Software Engineering At Google
Chapter #11 - Testing Overview (3 of 3)
Software Engineering at Google Chapter #11 - Testing Overview (3 of 3)
Large tests are more about validating configurations and not pieces of code as well as legacy systems that can't be doubled/mocked
Consider only running the "large tests" suite at the end before you release, not each time you test
Google says once your tests get 1% flakey, people start to lose confidence
Tests should assume as little as possible about the outside environment, including the order that the tests themselves are run
Tests should ONLY contain the info needed for the test and nothing more (clean code, clean tests)
A test should also be "obvious upon examination"
Google discourages the use of control flow statments such as loops and conditionals
Unit tests are small scoped tests
Integration tests are medium scoped tests
End-to-end or functional tests are large scoped tests
"Test doubles" is the collective term for fakes, mocks, and similar
About 80% of tests should be narrow scoped, 15% medium, 5% large
Smaller tests = less cognative load
Favor unit tests early to build developer confidence and add end-to-end tests to build product confidence later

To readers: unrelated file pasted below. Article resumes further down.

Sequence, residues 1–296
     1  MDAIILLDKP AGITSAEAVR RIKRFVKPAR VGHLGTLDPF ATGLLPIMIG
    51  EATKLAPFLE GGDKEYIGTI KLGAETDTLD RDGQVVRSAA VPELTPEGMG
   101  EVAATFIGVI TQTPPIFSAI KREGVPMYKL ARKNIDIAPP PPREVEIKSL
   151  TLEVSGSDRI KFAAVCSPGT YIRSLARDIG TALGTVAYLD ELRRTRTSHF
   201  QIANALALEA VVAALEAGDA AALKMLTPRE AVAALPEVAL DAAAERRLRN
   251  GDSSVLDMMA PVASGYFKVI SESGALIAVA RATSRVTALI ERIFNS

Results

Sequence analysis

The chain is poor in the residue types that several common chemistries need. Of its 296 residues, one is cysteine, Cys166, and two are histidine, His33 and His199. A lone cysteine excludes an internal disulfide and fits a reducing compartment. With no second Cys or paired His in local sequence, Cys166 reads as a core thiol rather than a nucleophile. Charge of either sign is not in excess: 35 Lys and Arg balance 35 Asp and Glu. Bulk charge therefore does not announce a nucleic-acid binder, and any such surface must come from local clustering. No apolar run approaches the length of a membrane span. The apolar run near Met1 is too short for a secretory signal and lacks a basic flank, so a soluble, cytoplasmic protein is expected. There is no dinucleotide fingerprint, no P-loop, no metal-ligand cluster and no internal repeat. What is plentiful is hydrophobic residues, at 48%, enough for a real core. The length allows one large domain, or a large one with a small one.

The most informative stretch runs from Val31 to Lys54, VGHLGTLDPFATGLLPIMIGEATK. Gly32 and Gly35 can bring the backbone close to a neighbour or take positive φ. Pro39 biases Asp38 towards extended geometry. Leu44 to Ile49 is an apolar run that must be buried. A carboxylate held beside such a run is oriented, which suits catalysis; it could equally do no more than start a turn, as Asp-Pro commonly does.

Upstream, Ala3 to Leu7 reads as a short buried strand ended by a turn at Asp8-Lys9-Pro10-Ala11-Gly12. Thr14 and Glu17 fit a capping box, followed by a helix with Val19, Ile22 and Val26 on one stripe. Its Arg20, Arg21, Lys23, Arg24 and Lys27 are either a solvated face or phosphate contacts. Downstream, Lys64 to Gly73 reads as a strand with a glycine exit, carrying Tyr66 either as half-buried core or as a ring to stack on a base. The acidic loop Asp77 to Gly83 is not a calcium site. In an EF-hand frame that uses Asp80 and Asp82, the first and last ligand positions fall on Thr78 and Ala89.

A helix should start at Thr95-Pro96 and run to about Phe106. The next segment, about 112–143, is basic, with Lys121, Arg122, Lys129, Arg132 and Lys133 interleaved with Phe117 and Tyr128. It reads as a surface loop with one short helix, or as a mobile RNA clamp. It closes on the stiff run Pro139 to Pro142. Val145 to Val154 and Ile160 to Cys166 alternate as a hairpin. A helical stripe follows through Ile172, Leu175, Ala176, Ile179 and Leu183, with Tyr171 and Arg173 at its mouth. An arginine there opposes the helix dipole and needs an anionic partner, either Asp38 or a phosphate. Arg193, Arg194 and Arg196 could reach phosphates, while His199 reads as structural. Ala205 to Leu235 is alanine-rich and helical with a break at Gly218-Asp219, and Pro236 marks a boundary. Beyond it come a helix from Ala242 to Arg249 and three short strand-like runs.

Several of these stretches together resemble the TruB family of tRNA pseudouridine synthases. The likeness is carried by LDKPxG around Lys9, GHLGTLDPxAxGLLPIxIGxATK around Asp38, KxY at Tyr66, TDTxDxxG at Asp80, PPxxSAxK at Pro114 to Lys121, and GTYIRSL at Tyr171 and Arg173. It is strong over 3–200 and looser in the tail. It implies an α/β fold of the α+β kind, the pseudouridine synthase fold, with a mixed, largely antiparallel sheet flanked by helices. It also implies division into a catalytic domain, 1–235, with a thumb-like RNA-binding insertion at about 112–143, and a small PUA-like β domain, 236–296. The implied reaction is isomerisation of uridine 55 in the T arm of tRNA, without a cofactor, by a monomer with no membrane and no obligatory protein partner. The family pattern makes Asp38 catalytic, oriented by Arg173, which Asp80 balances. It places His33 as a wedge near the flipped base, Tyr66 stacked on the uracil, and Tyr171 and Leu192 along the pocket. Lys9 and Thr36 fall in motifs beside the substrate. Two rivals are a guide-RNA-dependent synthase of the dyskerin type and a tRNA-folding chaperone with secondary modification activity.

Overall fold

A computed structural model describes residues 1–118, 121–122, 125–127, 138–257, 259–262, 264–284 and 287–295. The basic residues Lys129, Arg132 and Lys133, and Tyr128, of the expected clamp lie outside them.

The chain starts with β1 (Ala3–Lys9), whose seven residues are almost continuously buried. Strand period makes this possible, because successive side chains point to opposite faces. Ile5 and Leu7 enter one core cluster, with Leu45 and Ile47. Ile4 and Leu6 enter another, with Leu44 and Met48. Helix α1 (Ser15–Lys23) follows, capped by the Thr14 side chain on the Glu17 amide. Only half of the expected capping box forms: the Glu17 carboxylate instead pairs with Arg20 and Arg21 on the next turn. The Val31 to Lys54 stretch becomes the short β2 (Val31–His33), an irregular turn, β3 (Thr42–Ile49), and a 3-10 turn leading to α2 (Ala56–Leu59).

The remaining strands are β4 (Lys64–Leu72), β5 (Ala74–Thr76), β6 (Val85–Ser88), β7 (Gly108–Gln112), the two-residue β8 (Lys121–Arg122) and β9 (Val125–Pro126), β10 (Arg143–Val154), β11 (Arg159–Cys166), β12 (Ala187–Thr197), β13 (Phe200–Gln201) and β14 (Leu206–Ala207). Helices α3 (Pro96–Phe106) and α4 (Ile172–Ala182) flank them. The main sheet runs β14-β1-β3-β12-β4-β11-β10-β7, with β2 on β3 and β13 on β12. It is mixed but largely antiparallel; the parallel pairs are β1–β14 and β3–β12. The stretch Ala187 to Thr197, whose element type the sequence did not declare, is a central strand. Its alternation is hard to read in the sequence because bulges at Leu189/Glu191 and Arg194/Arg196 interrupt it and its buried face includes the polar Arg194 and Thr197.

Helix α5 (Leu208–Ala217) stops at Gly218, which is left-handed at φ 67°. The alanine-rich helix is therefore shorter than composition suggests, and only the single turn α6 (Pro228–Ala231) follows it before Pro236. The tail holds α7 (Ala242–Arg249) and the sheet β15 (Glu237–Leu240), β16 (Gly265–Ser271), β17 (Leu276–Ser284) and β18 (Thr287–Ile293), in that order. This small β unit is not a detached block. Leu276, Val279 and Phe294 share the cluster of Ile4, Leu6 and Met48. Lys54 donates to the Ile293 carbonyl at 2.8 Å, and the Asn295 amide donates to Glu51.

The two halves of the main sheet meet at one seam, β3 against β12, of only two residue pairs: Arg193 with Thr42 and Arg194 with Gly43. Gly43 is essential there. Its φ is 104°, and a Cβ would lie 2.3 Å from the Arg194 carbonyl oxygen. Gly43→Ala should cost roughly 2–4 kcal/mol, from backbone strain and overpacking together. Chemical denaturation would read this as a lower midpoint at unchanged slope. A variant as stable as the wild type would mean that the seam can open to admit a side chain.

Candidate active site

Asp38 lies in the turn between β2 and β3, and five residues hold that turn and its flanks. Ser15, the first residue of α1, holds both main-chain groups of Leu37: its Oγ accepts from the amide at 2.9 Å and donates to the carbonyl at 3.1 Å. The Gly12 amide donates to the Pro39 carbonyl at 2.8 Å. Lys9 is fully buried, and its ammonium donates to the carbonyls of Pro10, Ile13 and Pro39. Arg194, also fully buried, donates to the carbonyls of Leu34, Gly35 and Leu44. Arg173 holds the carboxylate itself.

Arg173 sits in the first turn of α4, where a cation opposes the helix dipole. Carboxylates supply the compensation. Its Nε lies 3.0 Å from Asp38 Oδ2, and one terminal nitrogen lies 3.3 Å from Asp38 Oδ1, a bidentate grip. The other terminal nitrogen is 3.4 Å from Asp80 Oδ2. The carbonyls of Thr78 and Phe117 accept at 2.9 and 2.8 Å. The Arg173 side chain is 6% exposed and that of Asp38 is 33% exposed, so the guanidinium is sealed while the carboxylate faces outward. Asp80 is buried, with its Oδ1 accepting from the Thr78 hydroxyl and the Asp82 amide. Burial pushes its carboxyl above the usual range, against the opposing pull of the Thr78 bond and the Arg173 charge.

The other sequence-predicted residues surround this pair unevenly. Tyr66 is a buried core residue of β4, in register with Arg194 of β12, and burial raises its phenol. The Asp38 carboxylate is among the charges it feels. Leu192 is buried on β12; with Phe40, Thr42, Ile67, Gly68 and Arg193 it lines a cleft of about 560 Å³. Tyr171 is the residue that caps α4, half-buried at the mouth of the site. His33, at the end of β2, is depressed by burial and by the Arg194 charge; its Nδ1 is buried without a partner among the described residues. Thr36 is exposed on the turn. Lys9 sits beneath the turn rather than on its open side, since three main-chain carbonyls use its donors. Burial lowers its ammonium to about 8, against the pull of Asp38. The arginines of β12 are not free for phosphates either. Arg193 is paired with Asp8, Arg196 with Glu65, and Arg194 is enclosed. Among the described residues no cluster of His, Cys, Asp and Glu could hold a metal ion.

What should you test? Test everything that you don't want to break.
Do your tests address how your system handles failure(s)?
"A predictable and controlled response to adverse conditions is a hallmark of a reliable system"
Code coverage is the percentage of the code that is covered by tests (if 80 out of 100 lines are tested then it is 80% covered)
Only count coverage from small tests as large tests tend to inflate coverage metrics
Think about the behaviors that you test for. What other things will your customers do? Write tests for that
Google uses a monorepo (single repo for all code) and no branching. It works for them.
"Brittle tests" is when small code changes result in many new test failures
The number one cause of brittle tests at Google is misuse of mock objects
The larger a test suite, the slower it runs, the less value it provides
Actively poll for state transition instead of using sleeps
Treat tests like production code (create incentives to write and maintain good tests)
Reasons tests become slow: Waiting for systems to sync, processing large data sets, or starting the environment (starting the VM or emulator, etc)
Google pushed testing culture with new hires via orientation, thus building the culture over time
Google also created 5 categories of testing maturity, applied them to each team, and worked to improve them
Put posters in toilets to make sure people see it daily (Testing on the Toilet)
Finding security issues via testing is best done by humans, not automation
Thank you for your time and attention.
Apply what you've learned here.
Enjoy it all.
© 2021 Josh Turgasen
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